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Bounty Hunters.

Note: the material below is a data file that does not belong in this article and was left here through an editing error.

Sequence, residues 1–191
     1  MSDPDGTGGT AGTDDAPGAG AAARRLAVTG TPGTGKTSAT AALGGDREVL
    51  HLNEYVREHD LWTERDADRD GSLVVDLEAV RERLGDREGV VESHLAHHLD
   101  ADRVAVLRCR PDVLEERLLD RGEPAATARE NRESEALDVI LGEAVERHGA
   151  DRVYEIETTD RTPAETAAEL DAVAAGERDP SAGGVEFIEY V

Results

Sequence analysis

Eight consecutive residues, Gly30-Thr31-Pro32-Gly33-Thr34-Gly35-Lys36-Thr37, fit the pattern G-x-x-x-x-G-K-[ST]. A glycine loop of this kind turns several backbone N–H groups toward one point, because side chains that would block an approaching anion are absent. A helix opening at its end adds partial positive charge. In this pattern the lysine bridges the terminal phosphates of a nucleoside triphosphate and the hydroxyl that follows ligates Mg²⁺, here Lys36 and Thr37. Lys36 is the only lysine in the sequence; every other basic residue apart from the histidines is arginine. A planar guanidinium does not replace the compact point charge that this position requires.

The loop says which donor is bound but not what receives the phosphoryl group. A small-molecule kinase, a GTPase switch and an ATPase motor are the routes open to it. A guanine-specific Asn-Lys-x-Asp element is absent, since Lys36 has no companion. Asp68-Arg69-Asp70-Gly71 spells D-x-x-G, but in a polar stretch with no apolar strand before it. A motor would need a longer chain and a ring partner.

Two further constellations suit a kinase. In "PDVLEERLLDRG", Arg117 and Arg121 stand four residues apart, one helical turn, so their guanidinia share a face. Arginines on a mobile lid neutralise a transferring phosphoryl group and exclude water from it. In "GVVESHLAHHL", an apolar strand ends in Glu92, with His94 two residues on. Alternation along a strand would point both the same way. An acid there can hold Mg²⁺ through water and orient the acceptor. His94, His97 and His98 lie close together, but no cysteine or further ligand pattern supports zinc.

Once the defendant hires a bail bond agency to bail them out, it becomes the bail bond agency’s responsibility to make sure that the defendant shows up to their trial. If the defendant decides to skip bail and try to evade police and the trial, then the bail bond agency will have to find the fugitive and turn him or her in to the police in order to get their bond exonerated and receive their money back. When the defendant skips bail, the bail bond agency must figure out how they are going to find the fugitive and bring him or her back to authorities. The most common option is for the agency to hire a bounty hunter to find and capture the fugitive. When the bail bond agency hires the bounty hunter, they will set up a contract where they decide on the details on the bounty. The bounty is the amount of money that the bounty hunter will receive after capturing the fugitive, which is also known as a monetary award. The bounty is usually 10% of the initial bail amount, but the bounty hunter may charge more depending on how difficult it was to find the fugitive. Bounty hunters are also known as bail enforcement agents and fugitive recovery agents and their main and only purpose is to locate, capture, and return a fugitive that has skipped bail. Sometime, bounty hunters are also referred to as skiptracers, which is true because they do use electronic devices to locate people, but they are more directly involved in the search than an actual skiptracer. Bounty hunters in the United States are responsible for catching about 90% of all bail jumpers which shows that bounty hunters help ensure that everyone who decides to run away from the law are brought to justice. The laws regarding bounty hunting is similar throughout the United States, but some states have special restrictions and guidelines that all bounty hunters have to follow. Bounty hunters do not usually need any special training or license to operate in a certain state; they would just have to be hired by a bail bond agency to pursue a fugitive who has skipped bail. However, in some states, they require bounty hunters to receive special training in order to be able to pursue any fugitive within their borders. Bounty hunters are allowed to use any force necessary to capture the fugitive and in some cases they may be forced to use deadly force depending on the terms of the bounty that is done by the bail bond agency. Florida, Illinois, Kentucky, North Carolina, and Wisconsin have heavily restricted bounty hunting or have banned bounty hunting altogether. This means that if a fugitive were to run away from their court date, it would be illegal for any bail bond agency to pursue a fugitive within those borders. Bounty hunters are not police and do not have the right to pursue any person they feel fit, they must be hired by a bail bond agency to pursue one suspect.

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